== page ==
The UK government is talking tough in defence of unionism yet it tried to repeal partly the Act of Union

News Letter editorial of Monday May 17 2021:

Monday, 17th May 2021, 6:07 am
News Letter editorial

The Brexit minister Lord Frost is sending robust signals about the Northern Ireland Protocol.

He is talking tough to the European Union, urging it to work with the UK to “rapidly” find solutions to checks on trade across the Irish Sea, which make “no sense”.

Meanwhile, Edwin Poots has identified the Irish Sea border as “by far the biggest issue”.

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This is all welcome.

But Lord Frost is also implicated in the negotiations that led to the protocol in 2019.

Mr Poots is implicated in implementing it, while talking tough about opposing it.

If things tactics really have changed then at least the air of defeatism might lift. But the obstacles in the way of any meaningful change to the protocol are massive.

Boris Johnson agreed to a Withdrawal Agreement in late 2019 that has such huge ramifications that the UK itself, we are now learning, agreed to impliedly repeal part of the Act of Union. That is a breathtaking admission.

The Act of Union is a foundational, constitutional piece of legislation. No part of it should ever be repealed except in the most extreme situation, and then only explicitly.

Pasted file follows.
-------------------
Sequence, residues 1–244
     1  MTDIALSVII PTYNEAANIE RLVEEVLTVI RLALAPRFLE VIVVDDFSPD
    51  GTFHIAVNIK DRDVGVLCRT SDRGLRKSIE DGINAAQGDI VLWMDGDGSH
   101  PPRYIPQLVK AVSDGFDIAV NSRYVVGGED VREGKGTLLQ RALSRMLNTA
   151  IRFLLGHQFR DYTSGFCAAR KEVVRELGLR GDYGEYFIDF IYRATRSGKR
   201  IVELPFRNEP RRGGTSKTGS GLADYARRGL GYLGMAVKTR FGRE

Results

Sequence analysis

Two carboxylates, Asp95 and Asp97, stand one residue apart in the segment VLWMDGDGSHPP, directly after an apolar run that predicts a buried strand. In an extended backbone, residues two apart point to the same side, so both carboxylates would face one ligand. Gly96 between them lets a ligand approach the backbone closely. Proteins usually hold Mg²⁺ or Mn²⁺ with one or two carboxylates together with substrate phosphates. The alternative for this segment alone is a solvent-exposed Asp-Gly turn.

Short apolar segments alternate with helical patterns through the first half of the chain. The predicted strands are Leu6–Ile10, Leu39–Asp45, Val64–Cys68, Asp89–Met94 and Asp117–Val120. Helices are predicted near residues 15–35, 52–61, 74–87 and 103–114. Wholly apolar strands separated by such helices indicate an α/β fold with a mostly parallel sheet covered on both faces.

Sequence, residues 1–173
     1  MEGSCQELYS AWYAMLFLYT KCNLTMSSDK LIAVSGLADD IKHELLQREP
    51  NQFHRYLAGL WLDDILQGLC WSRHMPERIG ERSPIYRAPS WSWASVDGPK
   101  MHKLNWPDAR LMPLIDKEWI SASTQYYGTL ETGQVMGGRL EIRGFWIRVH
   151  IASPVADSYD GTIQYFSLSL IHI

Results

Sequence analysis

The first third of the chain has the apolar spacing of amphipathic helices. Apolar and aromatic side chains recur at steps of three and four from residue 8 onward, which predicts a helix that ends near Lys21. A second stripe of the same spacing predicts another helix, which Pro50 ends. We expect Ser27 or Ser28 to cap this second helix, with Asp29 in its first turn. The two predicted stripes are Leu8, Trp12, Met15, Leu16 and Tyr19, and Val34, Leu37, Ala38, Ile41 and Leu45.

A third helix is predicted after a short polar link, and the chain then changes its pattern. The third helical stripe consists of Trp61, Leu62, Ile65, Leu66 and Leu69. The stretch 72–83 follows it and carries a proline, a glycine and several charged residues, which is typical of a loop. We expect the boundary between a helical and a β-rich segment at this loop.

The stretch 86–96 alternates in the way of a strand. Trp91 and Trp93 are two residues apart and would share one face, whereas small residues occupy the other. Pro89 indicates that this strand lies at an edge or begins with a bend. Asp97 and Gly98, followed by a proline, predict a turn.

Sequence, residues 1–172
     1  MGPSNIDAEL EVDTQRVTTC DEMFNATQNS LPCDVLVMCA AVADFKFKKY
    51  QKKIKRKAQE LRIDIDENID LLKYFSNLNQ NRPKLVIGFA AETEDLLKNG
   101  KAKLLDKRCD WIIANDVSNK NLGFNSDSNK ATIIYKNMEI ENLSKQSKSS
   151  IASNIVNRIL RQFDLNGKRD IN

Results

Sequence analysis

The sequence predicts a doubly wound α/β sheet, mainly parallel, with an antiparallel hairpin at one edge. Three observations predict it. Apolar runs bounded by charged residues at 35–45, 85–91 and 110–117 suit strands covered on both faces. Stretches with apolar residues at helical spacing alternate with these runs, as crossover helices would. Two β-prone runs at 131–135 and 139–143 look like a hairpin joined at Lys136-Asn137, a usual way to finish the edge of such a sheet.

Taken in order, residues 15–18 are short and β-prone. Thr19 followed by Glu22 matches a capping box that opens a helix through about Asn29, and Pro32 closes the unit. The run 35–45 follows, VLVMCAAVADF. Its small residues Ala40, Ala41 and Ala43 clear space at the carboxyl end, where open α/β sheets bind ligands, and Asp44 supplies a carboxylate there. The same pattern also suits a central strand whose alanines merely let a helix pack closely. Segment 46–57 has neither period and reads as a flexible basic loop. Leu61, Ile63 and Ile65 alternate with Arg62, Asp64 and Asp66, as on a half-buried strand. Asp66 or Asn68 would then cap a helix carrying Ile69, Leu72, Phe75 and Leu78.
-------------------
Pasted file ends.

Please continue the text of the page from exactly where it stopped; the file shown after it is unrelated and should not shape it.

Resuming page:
This is how serious things are for unionism.

Mr Poots has few levers. One is to disrupt North-South relations and see what comes. There will be much sound and fury if so, but it was Ireland and the EU, facilitated by a weak UK, that decided that East-West arrangements could be torn up.

Another is to refuse to implement the sea border, on similar grounds. If the courts force implementation, or the UK intervenes, then at least it is made clear that such an affront to the settled constitutional position, which we were told could only be changed by consent, will not be facilitated by unionists, but rather, if it happens at all, will have to be imposed.

But one thing that will not work, or fool anyone, is talking tough about the Irish Sea border while acquiescing in it.

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